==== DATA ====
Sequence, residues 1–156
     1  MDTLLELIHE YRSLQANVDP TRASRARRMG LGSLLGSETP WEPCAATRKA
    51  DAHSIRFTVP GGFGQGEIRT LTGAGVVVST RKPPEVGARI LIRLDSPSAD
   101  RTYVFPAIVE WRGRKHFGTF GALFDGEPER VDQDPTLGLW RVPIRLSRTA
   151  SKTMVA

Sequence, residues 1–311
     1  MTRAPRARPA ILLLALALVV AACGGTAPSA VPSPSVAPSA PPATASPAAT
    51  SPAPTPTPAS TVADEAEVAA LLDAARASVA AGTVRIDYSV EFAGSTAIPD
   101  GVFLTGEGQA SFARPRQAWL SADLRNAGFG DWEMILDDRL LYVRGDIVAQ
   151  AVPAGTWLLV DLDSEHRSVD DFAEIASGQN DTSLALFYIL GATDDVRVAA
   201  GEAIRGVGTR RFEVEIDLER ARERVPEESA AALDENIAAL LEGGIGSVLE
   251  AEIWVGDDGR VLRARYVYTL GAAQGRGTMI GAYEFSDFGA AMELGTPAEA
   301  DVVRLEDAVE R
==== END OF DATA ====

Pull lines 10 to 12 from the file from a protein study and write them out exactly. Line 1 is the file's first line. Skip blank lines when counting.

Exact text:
   151  AVPAGTWLLV DLDSEHRSVD DFAEIASGQN DTSLALFYIL GATDDVRVAA
   201  GEAIRGVGTR RFEVEIDLER ARERVPEESA AALDENIAAL LEGGIGSVLE
   251  AEIWVGDDGR VLRARYVYTL GAAQGRGTMI GAYEFSDFGA AMELGTPAEA